record_in_processes:
- 'main'


### Adding probes to Events.yaml¶

Our entries are prefixed with devtools.. For example:

devtools.main:
open:
objects: ["tools"]
bug_numbers: [1416024]
record_in_processes: ["main"]
description: User opens devtools toolbox.
release_channel_collection: opt-out
expiry_version: never
extra_keys:
first_panel: The name of the first panel opened.
host: "Toolbox host (positioning): bottom, side, window or other."
splitconsole: Indicates whether the split console was open.
width: Toolbox width (px).


### 2. Using Histograms.json probes in DevTools code¶

Once the probe has been declared in the Histograms.json file, you’ll need to actually use it in our code.

First, you need to give it an id in devtools/client/shared/telemetry.js. Similarly to the Histograms.json case, you’ll want to follow the style of existing entries. For example:

dom: {
histogram: "DEVTOOLS_DOM_OPENED_COUNT",
timerHistogram: "DEVTOOLS_DOM_TIME_ACTIVE_SECONDS"
},


… would correspond to the probes we declared in the previous section.

Then, include that module on each tool that requires telemetry:

let Telemetry = require("devtools/client/shared/telemetry");


Create a telemetry instance on the tool constructor:

this._telemetry = new Telemetry({ useSessionId: true });


useSessionId allows to aggregate all records behind a randomly unique “session_id” extra attribute. For example, this helps aggregate all data recorded for one precise toolbox instance.

And use the instance to report e.g. tool opening…

this._telemetry.toolOpened("mytoolname", this);


… or closing:

this._telemetry.toolClosed("mytoolname", this);


Note that mytoolname is the id we declared in the telemetry.js module.

### 3. Using Scalars.yaml probes in DevTools code¶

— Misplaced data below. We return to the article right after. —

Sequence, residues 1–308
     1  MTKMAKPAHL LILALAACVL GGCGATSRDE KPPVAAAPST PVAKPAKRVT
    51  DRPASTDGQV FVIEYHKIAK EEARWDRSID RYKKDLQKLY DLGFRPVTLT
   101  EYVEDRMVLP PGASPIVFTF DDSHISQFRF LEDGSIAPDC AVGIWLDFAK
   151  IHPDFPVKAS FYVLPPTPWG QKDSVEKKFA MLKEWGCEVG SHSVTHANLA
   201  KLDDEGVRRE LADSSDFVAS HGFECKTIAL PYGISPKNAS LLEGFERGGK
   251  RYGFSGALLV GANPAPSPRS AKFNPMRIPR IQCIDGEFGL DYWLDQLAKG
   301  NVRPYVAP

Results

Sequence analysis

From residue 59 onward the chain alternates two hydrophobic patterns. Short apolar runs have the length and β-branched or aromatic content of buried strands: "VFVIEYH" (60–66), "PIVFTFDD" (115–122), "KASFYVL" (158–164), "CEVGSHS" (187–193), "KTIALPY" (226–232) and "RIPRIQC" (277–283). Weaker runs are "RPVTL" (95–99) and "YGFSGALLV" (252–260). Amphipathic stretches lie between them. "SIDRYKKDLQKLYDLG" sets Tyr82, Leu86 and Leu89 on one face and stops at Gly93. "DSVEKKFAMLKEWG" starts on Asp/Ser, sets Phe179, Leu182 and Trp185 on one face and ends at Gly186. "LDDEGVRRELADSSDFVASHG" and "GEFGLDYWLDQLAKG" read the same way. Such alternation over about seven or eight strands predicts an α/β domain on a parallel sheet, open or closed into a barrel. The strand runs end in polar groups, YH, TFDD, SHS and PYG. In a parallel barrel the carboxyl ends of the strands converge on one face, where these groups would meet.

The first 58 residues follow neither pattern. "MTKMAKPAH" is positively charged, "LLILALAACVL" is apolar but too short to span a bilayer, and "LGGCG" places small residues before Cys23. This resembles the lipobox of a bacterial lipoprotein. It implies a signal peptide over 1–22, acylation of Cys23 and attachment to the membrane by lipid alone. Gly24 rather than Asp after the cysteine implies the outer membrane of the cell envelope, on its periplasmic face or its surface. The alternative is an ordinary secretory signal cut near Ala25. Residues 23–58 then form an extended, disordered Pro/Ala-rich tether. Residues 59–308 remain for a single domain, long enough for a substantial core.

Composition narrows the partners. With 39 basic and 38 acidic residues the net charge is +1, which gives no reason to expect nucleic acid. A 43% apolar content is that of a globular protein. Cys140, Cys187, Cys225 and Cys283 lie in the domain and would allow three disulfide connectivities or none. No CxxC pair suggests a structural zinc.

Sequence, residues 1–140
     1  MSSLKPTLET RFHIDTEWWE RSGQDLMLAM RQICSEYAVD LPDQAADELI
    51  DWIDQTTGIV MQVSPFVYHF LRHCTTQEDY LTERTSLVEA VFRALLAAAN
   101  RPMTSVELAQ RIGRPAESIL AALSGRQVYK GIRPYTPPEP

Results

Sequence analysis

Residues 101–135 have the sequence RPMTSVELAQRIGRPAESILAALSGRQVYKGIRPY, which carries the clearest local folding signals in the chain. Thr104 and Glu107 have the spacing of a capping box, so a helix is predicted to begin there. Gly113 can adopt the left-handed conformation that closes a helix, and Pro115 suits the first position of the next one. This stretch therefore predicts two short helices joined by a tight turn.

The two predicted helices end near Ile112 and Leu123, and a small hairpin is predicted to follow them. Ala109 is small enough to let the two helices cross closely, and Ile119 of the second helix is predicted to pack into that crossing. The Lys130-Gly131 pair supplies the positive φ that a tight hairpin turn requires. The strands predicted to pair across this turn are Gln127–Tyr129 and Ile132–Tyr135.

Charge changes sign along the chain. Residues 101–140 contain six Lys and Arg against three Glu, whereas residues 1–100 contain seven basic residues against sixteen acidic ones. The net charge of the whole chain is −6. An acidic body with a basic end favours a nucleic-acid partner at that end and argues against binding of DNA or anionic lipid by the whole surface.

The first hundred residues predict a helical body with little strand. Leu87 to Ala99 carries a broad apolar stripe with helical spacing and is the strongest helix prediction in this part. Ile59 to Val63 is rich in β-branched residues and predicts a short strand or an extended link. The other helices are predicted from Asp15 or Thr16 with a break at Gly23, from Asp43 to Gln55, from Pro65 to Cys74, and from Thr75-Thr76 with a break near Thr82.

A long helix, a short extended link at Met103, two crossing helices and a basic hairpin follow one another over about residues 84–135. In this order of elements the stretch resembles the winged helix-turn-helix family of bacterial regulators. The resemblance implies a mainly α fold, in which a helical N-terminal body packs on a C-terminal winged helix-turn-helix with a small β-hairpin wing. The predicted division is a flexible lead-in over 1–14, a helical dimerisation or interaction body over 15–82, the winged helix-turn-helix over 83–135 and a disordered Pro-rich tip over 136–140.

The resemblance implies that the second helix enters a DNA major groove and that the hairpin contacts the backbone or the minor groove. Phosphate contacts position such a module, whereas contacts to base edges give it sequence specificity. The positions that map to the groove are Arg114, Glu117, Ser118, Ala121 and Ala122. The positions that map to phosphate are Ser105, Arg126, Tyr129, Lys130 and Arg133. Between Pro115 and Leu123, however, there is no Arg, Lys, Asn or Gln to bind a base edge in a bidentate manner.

Once the probe has been declared in the Scalars.yaml file, you’ll need to actually use it in our code.

First, you need to give it an id in devtools/client/shared/telemetry.js. You will want to follow the style of existing lowercase histogram entries. For example:

toolbareyedropper: {
scalar: "devtools.toolbar.eyedropper.opened", // Note that the scalar is lowercase
},
copyuniquecssselector: {
scalar: "devtools.copy.unique.css.selector.opened",
},


… would correspond to the probes we declared in the previous section.

Then, include that module on each tool that requires telemetry:

let Telemetry = require("devtools/client/shared/telemetry");


Create a telemetry instance on the tool constructor:

this._telemetry = new Telemetry();


And use the instance to report e.g. tool opening…

this._telemetry.toolOpened("mytoolname", this);


Notes:

• mytoolname is the id we declared in the Scalars.yaml module.

• Because we are not logging tool’s time opened in Scalars.yaml we don’t care about toolClosed. Of course, if there was an accompanying timerHistogram field defined in telemetry.js and histograms.json then toolClosed should also be added.

### 4. Using Events.yaml probes in DevTools code¶

Once the probe has been declared in the Events.yaml file, you’ll need to actually use it in our code.

It is crucial to understand that event telemetry have a string identifier which is constructed from the category, method, object (name) and value on which the event occurred. This key points to an “extra” object that contains further information about the event (we will give examples later in this section).

Because these “extra” objects can be from completely independent code paths we can send events and leave them in a pending state until all of the expected extra properties have been received.

First, include the telemetry module in each tool that requires telemetry:

let Telemetry = require("devtools/client/shared/telemetry");